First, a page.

Mary Todd Lincoln Culture of Clothing In Chicago

November 16, 2012 • Chicago, Fashion Blog

Reproductions of Mary Todd Lincoln’s dresses by Mira Couture at the Culture Of Clothing Event at the Driehaus Museum in Chicago

The Mary Todd Lincoln “Culture of Clothing” presentation on Tuesday November 12, 2012 took place at the Driehaus Museum Chicago. This event was developed by the Lincoln Presidential Library and Museum and the Illinois Supreme Court Historic Preservation Commission and featured Mary Lincoln’s fashions as a homemaker, a first lady and a widow in mourning after the loss of three sons and a husband. Mira Horoszowski of Mira Couture produced new versions of the four Lincoln dresses. Women’s roles in American society changed significantly in the second half of the 19th century, propelled by war, industrialization and women’s own drive for equality. Their fashions changed, too, which Mary Lincoln’s clothing reflected.

Mira Horoszowskiwas of Mira Couture with models

Mira entertained us with her passion of this huge undertaking. It took “months and months” to complete the 4 gowns. She could not sleep and kept thinking about the project. She was thrilled to find the exact same black Chantilly lace for the white gown and  found it from what she believes had to be the same place in Paris as the original. She decided to make the dresses an average size so they could be worn for presentations such as these, even though Mary Todd Lincoln was very tiny, even though she got a little bigger with age. Some of the models have blond hair were told not to worry – they made wigs with black hair. Mira made us laugh about driving around with the four wigs on mannequin heads bobbing in the back seat of her car!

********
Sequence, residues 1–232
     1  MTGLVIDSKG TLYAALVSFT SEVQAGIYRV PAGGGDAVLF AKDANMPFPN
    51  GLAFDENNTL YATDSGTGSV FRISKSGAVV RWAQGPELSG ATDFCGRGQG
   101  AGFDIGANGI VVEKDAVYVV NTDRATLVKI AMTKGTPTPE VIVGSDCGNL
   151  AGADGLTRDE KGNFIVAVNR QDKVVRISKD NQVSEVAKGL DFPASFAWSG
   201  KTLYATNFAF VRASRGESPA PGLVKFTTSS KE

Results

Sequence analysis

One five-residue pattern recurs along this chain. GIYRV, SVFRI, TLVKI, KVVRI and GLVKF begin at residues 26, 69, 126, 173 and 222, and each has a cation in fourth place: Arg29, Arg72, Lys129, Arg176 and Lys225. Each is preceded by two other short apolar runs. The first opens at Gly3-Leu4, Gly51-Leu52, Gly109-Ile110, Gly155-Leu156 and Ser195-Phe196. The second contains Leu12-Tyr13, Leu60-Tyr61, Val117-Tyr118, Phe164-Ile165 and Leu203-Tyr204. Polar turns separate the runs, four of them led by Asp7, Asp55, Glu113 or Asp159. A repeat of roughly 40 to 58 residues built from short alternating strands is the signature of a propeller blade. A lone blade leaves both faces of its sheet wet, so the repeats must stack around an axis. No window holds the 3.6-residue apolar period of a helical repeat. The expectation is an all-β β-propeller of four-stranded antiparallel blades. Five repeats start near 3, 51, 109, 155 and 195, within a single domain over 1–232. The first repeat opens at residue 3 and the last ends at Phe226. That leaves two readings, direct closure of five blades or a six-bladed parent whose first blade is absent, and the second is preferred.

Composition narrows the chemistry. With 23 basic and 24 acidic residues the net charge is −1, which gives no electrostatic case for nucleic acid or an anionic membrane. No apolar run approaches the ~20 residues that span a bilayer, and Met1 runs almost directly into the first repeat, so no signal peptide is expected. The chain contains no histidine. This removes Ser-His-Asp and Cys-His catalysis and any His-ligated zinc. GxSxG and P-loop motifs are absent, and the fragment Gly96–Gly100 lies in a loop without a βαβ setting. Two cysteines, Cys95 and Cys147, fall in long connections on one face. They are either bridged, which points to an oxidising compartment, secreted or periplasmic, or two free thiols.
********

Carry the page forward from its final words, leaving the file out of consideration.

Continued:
Details of the White Silk and Black Lace Gown (February 5, 1862) reproduction that Mary Todd Lincoln wore to host a ball to celebrate the completion of the Executive Mansion renovations.

Details of the Black Silk with Trim dress 91864) worn for the mourning of her brother Levi and continuing mourning of son Willie.

Justice Anne M. Burke, Honorary Co-Chair, welcomed guest to the event. She is a fashion icon in her own right, and wore a beautiful suit by Mira Couture.

 

Mira Horoszowski with a model in the Purple Velvet with White Piping gown (December 1861 – January 1862)

Guests mingled with “Mary Lincolns.” This Mary Lincoln is wearing the Aqua Two-Piece Evening Gown (March 1861). Historical Note: This original gown may have been sold at the 1867 Old Clothes Sale in New York.

The Richard H. Driehause Museum was perfect for the event and is an amazing place to visit.

Mary Todd Lincoln was portrayed by Maria Bakalis. She has performed internationally with her original plays.

Elisabeth Keckley was portrayed by Kathryn Harris, Director for Library Services at the Abraham Lincoln Presidential Museum and Library.

Models in the new versions of the dresses and jewelry mingled with visitors and answered questions about the clothing. Actresses portraying Mary Todd Lincoln and Lincoln’s African-American seamstress, Elizabeth Keckley were there “in person” to discuss their work and women’s lives in that era. Mary Todd Lincoln told us that she really had a bit of a shopping problem and was extravagant, but she was misunderstood. She was a forward-thinking woman and may have been too modern for her day, and she had to mourn the loss of her brother, two sons and her husband.

The “Culture of Clothing” events are part of a year-long look at Mary Lincoln’s life and the role of 19th century women. Other events included two re-trials of the former first lady on insanity charges and a panel discussion that compared 19th and 21st century mental health laws, treatment and attitudes.

Tickets are available at WasMaryLincolnCrazy.com for the November 19th “Culture of Clothing” event at the Abraham Lincoln Presidential Library & Museum in Springfield, from 6:30 p.m. to approximately 8:30. Tickets are $25 per person.

– Carol Calacci

Photos: Second City Style

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